The Supreme Court Protected Housing Discrimination Today — Here's Why That’s So Important
I know this may be a little hard to believe, but there are cases on SCOTUS' radar right now other than the ones dealing with the Affordable Care Act (ACA) and same-sex marriage. Thursday's belle of the ball was of course the ACA, which got people majorly pumped after the Court voted to uphold health care subsidies for millions of low-income insurance customers. But before that huge news hit, it was also announced that the Supreme Court voted to protect anti-housing discrimination laws — and that's a big effin' deal, too.
In the 5-4 decision, the Court backed the 1968 Fair Housing Act, which barred discrimination against the renting, leasing, or financing of housing based on race, religion, nationality, or sex. Before you get too alarmed, though, no one was actually trying to repeal it completely. But they were trying to take away one of the useful tools in combatting housing segregation — something that sadly remains an issue, nearly 50 years after the bill's passing. In fact, according to NPR, Attorney General Loretta Lynch reacted to the ruling by saying, "While our nation has made tremendous progress since the Fair Housing Act was passed in 1968, disparate impact claims remain an all-too-necessary mechanism for rooting out discrimination in housing and lending."
The act itself was resurrected over a little dispute in the state of Texas. As NPR reports, the Inclusive Communities Project (which is a non-profit focused on creating racially diverse communities in Dallas) claimed that the Texas Department of Housing and Community Affairs was inadvertently contributing to segregation. Specifically, the agency was supporting low-income housing projects with tax credits, but doing so mostly in high-poverty minority areas. This in turn denied low-income families the opportunity to seek housing in areas with better schools, more opportunities, and greater diversity.
So while Texas wasn't exactly telling minorities that they couldn't live in certain neighborhoods, state policies were creating segregated neighborhoods without explicitly nailing up a "WHITES ONLY" sign. This is where a little principle called known as "disparate impact" comes into play — when something isn't intended to be discriminatory, but ends up perpetuating the same problem anyway.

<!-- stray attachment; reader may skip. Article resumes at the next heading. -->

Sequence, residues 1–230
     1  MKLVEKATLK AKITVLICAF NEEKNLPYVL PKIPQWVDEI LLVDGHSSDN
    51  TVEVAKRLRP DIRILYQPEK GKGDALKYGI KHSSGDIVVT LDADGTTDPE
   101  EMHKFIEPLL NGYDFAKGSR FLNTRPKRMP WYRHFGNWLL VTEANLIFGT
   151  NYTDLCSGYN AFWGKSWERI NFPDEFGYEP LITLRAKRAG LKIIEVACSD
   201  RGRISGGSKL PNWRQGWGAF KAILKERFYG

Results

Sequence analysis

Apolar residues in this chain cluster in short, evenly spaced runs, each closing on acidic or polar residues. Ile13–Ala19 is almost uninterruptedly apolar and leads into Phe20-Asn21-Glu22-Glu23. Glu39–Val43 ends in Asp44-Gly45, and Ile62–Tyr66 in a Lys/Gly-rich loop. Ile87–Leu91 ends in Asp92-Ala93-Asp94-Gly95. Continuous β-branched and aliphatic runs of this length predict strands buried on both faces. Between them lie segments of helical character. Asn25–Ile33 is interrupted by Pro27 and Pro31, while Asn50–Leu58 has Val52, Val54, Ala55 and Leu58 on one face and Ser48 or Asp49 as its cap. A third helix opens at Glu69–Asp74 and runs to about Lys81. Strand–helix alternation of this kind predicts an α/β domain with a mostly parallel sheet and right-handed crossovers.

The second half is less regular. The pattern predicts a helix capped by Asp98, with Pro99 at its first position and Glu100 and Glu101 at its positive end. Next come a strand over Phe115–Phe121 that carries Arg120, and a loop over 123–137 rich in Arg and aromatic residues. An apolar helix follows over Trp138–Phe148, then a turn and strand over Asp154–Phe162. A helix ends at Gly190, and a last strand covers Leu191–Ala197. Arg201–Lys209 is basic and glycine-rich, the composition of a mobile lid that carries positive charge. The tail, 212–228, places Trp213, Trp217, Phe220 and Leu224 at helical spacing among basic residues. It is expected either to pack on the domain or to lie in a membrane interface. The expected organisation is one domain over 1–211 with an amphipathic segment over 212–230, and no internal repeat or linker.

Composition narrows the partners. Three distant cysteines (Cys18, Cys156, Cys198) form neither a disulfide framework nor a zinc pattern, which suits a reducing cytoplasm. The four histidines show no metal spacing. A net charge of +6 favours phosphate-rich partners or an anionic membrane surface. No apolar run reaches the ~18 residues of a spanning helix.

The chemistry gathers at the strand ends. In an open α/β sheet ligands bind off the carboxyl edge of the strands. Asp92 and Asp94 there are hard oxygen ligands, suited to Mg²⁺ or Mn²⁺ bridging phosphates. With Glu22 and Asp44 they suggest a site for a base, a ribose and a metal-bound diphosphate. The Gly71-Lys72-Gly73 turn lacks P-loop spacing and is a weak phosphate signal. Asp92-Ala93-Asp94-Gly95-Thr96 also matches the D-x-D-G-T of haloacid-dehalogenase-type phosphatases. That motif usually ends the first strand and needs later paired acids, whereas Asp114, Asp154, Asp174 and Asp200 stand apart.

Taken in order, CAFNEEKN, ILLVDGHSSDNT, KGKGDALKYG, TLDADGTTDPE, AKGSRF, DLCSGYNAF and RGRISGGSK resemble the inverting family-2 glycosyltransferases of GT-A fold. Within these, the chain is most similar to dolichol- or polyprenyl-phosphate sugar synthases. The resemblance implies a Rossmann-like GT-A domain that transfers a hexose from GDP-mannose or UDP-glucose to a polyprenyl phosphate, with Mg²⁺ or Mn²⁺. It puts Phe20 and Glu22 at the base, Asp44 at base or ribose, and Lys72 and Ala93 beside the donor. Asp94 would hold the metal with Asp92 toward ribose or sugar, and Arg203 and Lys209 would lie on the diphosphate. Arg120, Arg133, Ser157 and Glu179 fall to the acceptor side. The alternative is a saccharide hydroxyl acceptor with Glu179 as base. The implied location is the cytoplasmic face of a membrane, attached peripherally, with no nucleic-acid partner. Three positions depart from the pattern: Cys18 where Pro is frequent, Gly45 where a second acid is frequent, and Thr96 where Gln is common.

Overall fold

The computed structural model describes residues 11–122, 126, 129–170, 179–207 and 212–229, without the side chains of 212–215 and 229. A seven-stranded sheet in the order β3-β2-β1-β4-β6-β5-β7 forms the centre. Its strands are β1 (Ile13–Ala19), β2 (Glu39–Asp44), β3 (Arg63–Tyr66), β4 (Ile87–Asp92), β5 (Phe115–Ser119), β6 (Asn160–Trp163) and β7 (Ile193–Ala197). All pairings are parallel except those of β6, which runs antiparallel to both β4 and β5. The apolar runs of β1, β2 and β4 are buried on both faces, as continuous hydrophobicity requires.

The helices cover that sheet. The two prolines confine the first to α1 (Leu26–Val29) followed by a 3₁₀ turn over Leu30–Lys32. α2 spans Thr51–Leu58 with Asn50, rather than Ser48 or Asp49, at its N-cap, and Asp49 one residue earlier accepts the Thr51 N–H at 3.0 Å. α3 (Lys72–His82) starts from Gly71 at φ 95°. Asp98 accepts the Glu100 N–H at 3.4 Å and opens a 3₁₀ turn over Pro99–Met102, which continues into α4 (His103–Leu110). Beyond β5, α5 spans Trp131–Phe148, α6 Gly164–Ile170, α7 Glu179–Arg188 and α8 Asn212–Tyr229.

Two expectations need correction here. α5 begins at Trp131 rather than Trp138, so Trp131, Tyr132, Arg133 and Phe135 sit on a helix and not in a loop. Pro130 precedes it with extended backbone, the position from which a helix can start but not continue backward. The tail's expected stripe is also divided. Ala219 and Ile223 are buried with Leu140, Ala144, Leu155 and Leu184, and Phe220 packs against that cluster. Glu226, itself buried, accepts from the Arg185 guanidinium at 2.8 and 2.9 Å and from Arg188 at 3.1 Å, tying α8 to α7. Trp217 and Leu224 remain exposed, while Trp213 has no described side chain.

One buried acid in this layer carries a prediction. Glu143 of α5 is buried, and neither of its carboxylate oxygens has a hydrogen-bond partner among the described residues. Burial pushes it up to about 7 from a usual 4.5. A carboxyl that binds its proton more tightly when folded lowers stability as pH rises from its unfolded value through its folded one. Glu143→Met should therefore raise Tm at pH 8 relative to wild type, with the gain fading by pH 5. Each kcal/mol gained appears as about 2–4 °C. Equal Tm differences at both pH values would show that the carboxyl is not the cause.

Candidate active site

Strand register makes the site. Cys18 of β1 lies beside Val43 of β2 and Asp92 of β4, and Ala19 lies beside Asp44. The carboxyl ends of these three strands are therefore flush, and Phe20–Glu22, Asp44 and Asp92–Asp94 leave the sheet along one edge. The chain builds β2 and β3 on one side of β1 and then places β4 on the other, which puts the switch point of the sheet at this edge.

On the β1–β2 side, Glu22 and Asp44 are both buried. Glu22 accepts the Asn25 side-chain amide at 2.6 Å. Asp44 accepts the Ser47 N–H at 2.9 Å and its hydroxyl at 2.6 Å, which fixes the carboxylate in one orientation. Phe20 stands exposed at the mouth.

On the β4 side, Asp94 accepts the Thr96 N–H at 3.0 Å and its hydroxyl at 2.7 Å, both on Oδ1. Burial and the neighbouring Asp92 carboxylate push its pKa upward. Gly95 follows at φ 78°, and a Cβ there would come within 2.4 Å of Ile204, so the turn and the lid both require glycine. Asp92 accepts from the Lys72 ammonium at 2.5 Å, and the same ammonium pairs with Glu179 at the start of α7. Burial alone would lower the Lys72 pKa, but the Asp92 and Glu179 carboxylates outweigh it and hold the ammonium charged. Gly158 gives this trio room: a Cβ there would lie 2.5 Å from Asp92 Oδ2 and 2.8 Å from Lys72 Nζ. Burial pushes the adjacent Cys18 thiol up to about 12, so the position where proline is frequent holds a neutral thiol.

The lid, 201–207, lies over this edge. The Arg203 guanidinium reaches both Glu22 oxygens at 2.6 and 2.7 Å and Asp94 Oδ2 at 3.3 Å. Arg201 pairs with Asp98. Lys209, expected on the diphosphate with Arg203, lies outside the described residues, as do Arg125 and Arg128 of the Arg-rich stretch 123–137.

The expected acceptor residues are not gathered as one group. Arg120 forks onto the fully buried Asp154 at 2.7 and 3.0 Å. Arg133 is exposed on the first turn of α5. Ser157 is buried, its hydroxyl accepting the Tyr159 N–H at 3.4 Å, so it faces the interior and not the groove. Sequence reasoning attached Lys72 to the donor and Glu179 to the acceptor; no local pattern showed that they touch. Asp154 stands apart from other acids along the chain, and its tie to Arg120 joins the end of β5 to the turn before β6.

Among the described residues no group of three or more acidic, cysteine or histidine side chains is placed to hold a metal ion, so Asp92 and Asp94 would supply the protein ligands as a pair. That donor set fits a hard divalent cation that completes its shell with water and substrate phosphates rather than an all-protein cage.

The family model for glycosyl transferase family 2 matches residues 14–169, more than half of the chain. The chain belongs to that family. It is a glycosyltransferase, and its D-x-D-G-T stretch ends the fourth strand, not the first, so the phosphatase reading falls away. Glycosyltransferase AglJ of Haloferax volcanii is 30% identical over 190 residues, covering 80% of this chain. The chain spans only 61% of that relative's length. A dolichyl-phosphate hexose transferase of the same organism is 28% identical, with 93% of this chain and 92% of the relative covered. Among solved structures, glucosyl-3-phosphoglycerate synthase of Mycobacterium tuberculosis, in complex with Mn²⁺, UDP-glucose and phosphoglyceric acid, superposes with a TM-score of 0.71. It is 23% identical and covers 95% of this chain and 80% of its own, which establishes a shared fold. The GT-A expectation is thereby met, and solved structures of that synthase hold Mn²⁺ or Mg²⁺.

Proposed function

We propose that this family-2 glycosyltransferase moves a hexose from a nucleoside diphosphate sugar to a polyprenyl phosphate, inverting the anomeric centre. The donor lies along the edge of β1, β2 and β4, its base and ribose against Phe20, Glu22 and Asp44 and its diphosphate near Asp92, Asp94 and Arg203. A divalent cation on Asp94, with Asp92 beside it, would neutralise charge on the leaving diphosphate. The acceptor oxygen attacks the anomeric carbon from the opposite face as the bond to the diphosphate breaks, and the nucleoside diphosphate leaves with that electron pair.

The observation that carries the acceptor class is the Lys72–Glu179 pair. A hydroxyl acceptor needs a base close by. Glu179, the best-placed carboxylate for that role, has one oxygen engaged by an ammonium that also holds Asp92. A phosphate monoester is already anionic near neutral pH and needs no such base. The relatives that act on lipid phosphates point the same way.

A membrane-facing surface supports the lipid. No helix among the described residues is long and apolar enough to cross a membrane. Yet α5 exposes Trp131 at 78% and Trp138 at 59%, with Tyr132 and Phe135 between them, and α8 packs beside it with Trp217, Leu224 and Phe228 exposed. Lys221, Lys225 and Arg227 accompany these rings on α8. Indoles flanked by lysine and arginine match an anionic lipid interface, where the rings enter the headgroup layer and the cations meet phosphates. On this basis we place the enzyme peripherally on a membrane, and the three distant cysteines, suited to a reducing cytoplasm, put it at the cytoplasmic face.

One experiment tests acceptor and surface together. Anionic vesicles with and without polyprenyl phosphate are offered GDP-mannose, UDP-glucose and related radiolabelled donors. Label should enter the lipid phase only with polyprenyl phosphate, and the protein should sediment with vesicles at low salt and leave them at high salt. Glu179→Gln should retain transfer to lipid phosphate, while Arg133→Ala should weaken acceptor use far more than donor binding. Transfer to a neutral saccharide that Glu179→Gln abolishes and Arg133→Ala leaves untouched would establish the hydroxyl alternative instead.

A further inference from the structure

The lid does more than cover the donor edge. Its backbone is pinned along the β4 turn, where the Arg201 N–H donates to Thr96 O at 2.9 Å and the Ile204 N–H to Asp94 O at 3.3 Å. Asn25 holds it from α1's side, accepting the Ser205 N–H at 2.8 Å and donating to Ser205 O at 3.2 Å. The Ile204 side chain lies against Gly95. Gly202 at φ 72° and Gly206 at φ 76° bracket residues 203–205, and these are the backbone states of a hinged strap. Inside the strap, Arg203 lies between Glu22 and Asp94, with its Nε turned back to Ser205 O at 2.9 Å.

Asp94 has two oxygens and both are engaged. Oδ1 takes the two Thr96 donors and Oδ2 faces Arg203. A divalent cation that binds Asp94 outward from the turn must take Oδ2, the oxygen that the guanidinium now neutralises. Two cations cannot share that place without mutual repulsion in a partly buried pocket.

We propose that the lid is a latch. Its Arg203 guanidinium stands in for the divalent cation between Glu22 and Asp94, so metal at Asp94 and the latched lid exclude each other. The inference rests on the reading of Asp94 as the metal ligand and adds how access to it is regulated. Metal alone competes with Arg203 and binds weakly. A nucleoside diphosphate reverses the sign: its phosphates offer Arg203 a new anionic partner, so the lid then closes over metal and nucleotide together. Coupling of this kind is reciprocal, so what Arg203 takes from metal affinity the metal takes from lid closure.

On Thursday, SCOTUS upheld the legality of disparate impact in housing discrimination, basically saying that any kind of discrimination (inadvertent or not) is illegal. Make no mistake, that's big news for millions across the U.S. — especially when you consider how incredibly difficult it is for low-income Americans to find affordable housing. According to Mother Jones, in 2013 researchers found that not one single U.S. county had enough affordable housing to accommodate the amount of "extremely low-income" households in their population. In fact, they didn't even have enough for those that make 30 percent of the county's median income. (What!) This news is especially troubling considering the number of extremely low-income households looking to rent property increased 38 percent between 2000 to 2013.
And consider this: The U.S. Department of Housing and Urban Development (HUD) has said that an estimated 12 million households either renting or buying are putting over 50 percent of their total income toward housing. That means additional living expenses like food, transportation, and clothing are pretty hard to come by. According to HUD, there's also nowhere in the United States where a family with one full-time worker earning minimum wage can afford even a two-bedroom apartment. (How's that for depressing?)
So yea... this SCOTUS victory, though not met with as much fanfare as the one for Obamacare, was just as big a win for millions of households across America. And that just gives us one more reason to celebrate.
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